This 2019 Opioid and Substance Abuse Summit in Seaside on October 14 is the fourth annual gathering of regional health care providers, and others involved in and concerned about our substance abuse crisis. Organized by the Columbia-Pacific coordinated care organization, the Summit marshalls resources and educates the community on how to respond to the deepening opioid addiction crisis that is ransacking our communities. Columbia Pacific coordinates health care under the Oregon Health Plan and the Affordable Care Act for Tillamook, Clatsop and Columbia counties, and is part of Care Oregon, a non-profit organization focused on health care services.

“It has been a tremendous honor to host these community opioid and substance use disorder summits over the past four years. We have seen such amazing work happening within the region, in terms of expansion of access to medication to treat substance use disorder at TCCHC and Rinehart clinics, drug take back boxes at some pharmacies, improved opioid prescribing, and the start of needle exchange and harm reduction programs in Clatsop and Columbia Counties. We have more work to do to address overdose deaths and improve lives of those suffering with substance use disorder, but events like this can be a space to re-ignite the fire and passion in coming together to continue to make things better.”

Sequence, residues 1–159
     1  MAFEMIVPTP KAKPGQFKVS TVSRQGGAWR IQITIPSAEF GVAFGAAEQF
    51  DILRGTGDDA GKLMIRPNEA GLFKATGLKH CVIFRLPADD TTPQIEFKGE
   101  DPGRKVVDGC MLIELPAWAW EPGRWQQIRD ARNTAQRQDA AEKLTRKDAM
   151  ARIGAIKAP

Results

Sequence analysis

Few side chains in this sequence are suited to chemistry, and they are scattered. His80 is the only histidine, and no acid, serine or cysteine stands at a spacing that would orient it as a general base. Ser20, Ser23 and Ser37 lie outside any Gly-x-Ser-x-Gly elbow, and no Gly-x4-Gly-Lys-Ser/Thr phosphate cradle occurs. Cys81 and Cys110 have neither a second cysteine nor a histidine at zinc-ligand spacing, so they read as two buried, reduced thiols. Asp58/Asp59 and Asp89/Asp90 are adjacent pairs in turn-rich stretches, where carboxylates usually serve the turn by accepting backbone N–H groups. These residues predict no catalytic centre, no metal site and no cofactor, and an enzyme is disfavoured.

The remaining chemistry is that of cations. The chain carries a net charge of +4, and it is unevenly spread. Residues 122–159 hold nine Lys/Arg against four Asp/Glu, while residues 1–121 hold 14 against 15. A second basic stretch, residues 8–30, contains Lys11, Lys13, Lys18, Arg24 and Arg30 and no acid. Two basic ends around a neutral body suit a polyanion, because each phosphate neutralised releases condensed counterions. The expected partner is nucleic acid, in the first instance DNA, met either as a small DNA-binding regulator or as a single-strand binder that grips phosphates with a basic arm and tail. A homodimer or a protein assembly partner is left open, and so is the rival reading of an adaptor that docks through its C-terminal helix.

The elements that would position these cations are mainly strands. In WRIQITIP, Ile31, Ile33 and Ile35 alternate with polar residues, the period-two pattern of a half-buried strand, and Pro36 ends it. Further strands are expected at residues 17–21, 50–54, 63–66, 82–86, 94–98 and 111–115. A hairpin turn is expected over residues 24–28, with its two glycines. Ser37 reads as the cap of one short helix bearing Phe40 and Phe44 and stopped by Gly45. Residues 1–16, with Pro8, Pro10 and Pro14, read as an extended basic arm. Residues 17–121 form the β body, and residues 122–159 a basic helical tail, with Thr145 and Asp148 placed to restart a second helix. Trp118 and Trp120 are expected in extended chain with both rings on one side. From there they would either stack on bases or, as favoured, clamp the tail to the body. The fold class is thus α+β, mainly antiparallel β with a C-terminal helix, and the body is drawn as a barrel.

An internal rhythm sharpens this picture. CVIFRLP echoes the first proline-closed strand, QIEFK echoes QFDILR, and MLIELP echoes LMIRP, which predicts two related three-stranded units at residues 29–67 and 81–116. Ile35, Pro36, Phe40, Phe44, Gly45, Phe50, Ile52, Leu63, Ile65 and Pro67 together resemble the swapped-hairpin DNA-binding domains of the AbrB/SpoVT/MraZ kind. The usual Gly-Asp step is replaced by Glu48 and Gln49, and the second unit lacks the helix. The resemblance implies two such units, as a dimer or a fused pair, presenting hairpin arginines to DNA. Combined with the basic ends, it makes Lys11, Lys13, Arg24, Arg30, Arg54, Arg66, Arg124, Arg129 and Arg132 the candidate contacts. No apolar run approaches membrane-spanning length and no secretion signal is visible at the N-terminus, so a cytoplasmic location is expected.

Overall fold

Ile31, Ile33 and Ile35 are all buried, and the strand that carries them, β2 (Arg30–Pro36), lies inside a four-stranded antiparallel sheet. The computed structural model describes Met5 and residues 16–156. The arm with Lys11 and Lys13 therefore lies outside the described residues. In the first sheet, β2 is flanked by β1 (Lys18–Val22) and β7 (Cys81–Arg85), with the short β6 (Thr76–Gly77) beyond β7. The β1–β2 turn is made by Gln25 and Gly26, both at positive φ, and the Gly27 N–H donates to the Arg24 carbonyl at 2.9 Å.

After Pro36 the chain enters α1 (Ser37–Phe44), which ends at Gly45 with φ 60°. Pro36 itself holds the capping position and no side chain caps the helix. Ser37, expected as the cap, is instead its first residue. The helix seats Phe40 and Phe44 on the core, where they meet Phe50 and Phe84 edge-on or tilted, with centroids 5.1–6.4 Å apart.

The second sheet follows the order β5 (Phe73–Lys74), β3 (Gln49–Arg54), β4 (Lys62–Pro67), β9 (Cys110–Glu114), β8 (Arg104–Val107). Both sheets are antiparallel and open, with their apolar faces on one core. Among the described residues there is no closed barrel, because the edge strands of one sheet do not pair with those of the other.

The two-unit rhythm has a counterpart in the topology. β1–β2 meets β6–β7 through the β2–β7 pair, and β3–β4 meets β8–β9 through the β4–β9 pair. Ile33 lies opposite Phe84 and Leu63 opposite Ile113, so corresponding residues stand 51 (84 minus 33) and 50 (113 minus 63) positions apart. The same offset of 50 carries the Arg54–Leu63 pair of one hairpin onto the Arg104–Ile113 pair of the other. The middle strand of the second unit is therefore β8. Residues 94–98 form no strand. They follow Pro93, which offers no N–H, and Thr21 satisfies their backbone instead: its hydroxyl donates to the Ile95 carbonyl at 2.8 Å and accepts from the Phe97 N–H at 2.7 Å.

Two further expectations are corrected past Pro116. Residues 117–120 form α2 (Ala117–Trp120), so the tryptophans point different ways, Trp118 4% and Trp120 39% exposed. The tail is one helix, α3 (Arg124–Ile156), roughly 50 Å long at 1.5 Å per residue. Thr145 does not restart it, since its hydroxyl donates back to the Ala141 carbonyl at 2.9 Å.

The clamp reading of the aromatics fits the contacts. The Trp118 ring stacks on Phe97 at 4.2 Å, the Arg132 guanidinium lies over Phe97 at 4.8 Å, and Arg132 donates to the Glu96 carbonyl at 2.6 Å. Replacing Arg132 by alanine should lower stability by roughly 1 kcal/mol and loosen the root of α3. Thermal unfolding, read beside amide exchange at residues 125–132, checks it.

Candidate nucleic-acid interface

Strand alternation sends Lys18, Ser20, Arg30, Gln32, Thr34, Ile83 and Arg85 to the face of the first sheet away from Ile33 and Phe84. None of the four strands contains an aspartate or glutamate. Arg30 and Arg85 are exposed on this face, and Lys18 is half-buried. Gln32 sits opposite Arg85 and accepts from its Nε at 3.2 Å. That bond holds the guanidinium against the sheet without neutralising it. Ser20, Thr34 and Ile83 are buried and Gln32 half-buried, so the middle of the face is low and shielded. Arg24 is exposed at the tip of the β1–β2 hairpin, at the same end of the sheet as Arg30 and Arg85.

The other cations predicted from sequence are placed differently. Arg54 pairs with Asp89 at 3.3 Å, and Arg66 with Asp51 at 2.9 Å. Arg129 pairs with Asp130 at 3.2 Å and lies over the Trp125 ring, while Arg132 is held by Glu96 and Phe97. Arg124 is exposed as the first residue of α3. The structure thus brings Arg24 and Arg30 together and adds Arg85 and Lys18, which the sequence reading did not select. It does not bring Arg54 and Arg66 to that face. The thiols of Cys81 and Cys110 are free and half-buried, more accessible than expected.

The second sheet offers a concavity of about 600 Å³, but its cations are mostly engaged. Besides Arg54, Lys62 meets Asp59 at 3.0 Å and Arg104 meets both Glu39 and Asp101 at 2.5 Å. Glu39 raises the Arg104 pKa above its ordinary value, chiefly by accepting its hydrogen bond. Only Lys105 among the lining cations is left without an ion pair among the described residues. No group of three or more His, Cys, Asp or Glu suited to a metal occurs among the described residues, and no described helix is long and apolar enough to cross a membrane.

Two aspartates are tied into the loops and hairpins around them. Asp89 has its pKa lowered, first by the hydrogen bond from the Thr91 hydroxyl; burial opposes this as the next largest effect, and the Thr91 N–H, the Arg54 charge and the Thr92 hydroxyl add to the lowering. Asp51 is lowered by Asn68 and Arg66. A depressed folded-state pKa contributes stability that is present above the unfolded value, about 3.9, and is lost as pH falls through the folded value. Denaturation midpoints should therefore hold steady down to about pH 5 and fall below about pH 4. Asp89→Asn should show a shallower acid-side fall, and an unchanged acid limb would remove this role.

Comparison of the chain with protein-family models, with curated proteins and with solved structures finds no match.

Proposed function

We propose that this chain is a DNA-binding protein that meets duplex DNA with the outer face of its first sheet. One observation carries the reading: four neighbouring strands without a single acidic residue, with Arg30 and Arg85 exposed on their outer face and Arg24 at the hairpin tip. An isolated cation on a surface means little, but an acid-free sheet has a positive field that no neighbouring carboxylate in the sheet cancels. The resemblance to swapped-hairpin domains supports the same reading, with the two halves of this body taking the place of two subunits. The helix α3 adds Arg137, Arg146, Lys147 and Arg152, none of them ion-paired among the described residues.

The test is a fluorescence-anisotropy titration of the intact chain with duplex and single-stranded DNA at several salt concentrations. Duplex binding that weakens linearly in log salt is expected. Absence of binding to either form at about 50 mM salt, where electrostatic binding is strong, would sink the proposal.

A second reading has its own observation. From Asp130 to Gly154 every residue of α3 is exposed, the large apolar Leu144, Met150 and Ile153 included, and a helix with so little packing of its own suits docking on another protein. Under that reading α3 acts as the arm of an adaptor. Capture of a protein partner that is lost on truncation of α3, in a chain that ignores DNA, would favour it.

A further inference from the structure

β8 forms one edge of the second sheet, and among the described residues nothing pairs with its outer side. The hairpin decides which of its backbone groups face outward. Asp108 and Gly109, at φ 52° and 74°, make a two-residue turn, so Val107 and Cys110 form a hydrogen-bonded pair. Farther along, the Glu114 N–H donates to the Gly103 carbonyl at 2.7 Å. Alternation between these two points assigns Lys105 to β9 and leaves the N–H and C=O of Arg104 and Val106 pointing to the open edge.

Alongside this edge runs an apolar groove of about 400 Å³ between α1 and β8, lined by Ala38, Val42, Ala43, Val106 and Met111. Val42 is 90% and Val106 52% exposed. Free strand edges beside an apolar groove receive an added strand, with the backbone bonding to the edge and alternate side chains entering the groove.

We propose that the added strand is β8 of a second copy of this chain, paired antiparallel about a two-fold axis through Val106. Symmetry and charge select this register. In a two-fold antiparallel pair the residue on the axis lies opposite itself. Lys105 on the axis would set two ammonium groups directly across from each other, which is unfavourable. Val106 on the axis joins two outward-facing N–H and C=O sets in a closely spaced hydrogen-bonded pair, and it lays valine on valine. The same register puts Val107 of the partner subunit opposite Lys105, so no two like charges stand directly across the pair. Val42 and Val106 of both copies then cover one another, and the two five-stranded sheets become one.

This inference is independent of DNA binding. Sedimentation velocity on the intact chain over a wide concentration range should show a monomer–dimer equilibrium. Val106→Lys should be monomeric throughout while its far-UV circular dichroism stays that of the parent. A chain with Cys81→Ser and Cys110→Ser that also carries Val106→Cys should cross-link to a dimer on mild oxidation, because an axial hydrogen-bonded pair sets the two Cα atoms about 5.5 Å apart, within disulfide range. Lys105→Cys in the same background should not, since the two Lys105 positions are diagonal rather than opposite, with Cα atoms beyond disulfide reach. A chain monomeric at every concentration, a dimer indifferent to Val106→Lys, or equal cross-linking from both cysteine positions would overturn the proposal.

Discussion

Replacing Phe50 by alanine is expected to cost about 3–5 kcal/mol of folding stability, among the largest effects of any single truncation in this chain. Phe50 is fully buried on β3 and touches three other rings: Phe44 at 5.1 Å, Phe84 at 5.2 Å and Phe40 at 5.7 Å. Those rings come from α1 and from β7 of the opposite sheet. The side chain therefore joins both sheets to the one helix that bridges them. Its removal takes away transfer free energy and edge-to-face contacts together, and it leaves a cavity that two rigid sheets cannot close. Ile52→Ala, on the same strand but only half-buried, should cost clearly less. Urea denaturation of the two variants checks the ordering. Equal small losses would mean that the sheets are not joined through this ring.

—Safina Koreishi MD MPH, Medical Director, Columbia Pacific CCO

 

The Oregon coast is on the front lines, with drug usage, resulting death rates, and low levels of treatment services at the top of public health statistics.

In Oregon, one to two people a day die from drug overdoses.  Five people die from the effects of alcohol every day.  That’s over 2100 Oregonians a year.   Oregon has the fourth highest drug addiction rate in the nation. And, in neighboring Clatsop County, 40% of teens vape tobacco or pot, compared to the statewide usage rate of 16%. The Oregon coast leads the state in sales of alcohol per capita.

The costs of drug addiction is staggering. The collective emotional pain is inconceivable. The economic cost to Oregon in terms of loss of earning capacity and economic value is $5.8 Billion a year.  That’s Billion with a B.

There was other dismal, alarming news.  Yet, the room was alive with energy, enthusiasm to respond, and a strong desire to meet the needs of our families, friends, and neighbors.

“We can do this, and we are taking this epidemic on,” was a frequent statement.